O'Malley Seeks Wider Benefits
Same-Sex Couples Focus of Plan

By Lisa Rein and Rosalind S. Helderman
Washington Post Staff Writers
Tuesday, February 3, 2009

Partners of gay and lesbian Maryland state employees and their children would be entitled to health benefits under a proposal announced yesterday by Gov. Martin O'Malley.

If the plan is approved by a legislative committee, Maryland would join the District and 15 states that offer health insurance to domestic partners, through union contracts, executive orders, laws or court decisions.

At least two dozen private-sector employers, including the Discovery Channel and Constellation Energy, have similar policies, along with numerous local governments from Montgomery County to Baltimore.

"It's a practice already in place at many private businesses throughout the state, and it's the right thing to do," O'Malley spokesman Shaun Adamec said.

The legislative committee, composed of Democrats generally sympathetic to the policy, is expected to approve the change. Adamec said it would not apply to unmarried heterosexual couples. The initiative is expected to cost $1 million to $3 million a year, depending on how many employees enroll.

Gay rights advocates estimate that fewer than 1 percent of Maryland's 67,000 state and University of Maryland workers will sign up for domestic partner benefits.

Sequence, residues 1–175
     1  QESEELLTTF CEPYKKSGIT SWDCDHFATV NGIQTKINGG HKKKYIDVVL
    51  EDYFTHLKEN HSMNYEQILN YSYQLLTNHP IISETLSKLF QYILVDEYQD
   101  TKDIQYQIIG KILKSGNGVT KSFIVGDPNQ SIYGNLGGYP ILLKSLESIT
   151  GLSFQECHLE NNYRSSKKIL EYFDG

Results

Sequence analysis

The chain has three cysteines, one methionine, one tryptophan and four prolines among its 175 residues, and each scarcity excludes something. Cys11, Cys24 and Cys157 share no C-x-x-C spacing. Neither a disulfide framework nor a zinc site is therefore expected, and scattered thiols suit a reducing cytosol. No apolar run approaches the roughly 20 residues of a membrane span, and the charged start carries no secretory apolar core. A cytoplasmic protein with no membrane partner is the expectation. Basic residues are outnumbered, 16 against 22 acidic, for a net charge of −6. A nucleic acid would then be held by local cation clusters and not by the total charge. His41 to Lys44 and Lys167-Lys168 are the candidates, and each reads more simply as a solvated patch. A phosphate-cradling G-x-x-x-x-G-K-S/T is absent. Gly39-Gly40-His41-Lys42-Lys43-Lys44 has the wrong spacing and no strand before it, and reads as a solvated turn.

But they said the proposed regulation, which would take effect in May, is nonetheless a victory in their piece-by-piece quest for legal rights now denied gay and lesbian couples.

"We may not have everything yet," said Kate Runyon, executive director of Equality Maryland, the state's largest gay advocacy group. "But sometimes it's important to go forward incrementally."

The General Assembly approved two other incremental measures for same-sex couples last year, giving them the same rights as spouses to make hospital and nursing-home visits, end-of-life choices, and other medical decisions, in addition to rights to joint property ownership.

Despite a big push by advocates, legislation to legalize same-sex marriage or civil unions stalled in a Senate committee last night and looks unlikely to budge this year.

O'Malley (D) implemented health benefits for same-sex employees in Baltimore when he was mayor.

In the two years he has been governor, "there have been many questions about his support as time has gone on," Runyon said, which prompted her group to launch a campaign of "firm and gentle conversations and urging" in recent months.

Sen. Richard S. Madaleno Jr. (D-Montgomery) said the University of Maryland has reported trouble recruiting some top-notch faculty members because the school could not offer health care to same-sex domestic partners. Most of the university's competitors offer benefits.

"For the relatively few state employees for whom this will apply, it's critical," he said. "They've been unable to get affordable health care, and they've been living in fear of illness striking their partners."

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